A Look Back at “Groundhog Day,” A Film That Doesn’t Seem Too Bizarre Anymore

The+film+%22Groundhog+Day%22+came+out+in+1993.+

Augie Oppenheimer

The film “Groundhog Day” came out in 1993.

Juliana Vandermark, Managing Editor

Rating: 3.5/5 Falcons

Are you waking up each day only to relive the day before? Has your life blurred away from reality and into the song that never ends… oh, yes it does go on and on my friend. The movie Groundhog Day is a classic, predictable, romantic comedy, too fantastical to be relatable. Add to that the subtle science fiction element of a time loop and it becomes a funny “what-if” scenario at best. Still, right now, our lives have morphed into a state in which Groundhog Day is an incredibly relatable, apt film.

Disenchanted TV weather reporter Phil Connors (Bill Murray) ventures off with his network to report on Groundhog Day in the small town of Punxsutawney, a task he meets with minimal enthusiasm. Phil grunts and groans his way through his work with the overarching goal of just getting through the assignment and back home until he finds out he can’t go home. Having predicted a storm’s trajectory incorrectly, Phil and the team are stranded in Punxsutawney for “one more night.” Suddenly, Phil’s alarm radio sounds with the same exact tunes as the day before, and everyone recites the same phrases as the day before, why, in fact it is the day before.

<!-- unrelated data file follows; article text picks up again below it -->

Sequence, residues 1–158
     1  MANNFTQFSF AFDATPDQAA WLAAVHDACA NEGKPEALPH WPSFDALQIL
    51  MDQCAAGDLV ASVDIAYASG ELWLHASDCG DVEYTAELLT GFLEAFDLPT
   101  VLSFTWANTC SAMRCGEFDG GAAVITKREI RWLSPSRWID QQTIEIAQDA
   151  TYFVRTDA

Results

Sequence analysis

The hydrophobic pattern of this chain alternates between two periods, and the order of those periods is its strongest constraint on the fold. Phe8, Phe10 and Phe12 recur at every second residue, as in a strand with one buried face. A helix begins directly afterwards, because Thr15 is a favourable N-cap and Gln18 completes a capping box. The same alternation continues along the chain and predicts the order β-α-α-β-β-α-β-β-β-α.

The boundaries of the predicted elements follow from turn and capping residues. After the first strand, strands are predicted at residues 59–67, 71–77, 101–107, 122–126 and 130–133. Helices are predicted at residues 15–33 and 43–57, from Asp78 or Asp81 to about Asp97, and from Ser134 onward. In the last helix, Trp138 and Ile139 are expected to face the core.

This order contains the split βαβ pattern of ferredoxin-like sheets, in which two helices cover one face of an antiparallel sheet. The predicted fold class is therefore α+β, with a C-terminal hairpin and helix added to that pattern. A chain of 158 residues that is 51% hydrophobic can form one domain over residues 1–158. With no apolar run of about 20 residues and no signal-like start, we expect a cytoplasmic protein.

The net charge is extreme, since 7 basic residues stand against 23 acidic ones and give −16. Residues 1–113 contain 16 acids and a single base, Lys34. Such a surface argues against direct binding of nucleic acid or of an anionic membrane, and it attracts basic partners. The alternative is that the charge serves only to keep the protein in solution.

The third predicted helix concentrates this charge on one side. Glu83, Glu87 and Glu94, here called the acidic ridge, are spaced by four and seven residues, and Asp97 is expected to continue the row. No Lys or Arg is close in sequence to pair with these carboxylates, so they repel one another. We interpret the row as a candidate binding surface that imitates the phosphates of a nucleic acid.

While yes, there are a number of movies with similar themes of pertinent redundancy—The 12 Dates of Christmas, The Fare, Mine Games, The Last Day of Summer, Groundhog Day is credited with inspiring such films that came out decades after it and is to this day one of the most popular and frequently referenced movies of this type.

As Phil relives the same day on repeat he realizes his romantic interest in his coworker Rita (Andie MacDowell) and eventually works towards gaining her respect and eventual love. Regardless of how many days went by, love wins in the end because Phil learns that it is worth trying for, fighting for, and changing himself for.

If there ever were a time for this movie it would be now. Although it arguably feeds into Hollywood’s idealistic, romantic, happily-ever-after-BS (spoiler alert) all that is cast aside by its sheer current relatability. The parallels between the movie and our lives are more astonishing the longer you look at it. While we may be cooped up in our houses and not exploring the Groundhog Day festivities as Phil is, our daily stumble out of bed is his daily squelch into a slush-filled pothole. Our overly-peppy relative at home who greets us too early with too big of a smile and too much volume in their voice is our equivalent of Phil’s “daily” interaction with a fellow guest at the inn, too enthusiastic about the Groundhog Day celebrations for Phil’s liking. 

The difference between our current experience and Phil’s is this: instead of putting his life on hold, or stopping everything, and embracing the time paralysis, he eventually seizes the opportunity, the gift of more time, to make himself a man deserving of the woman he wants to be with. While we all mope around selfishly, complaining of the mundane life that has consumed us since our days became the same day on repeat, Phil Connors reflected, problem-solved, and realized his dreams. And if Phil Connors, an unmotivated, grumpy, old weatherman can do it, so can we.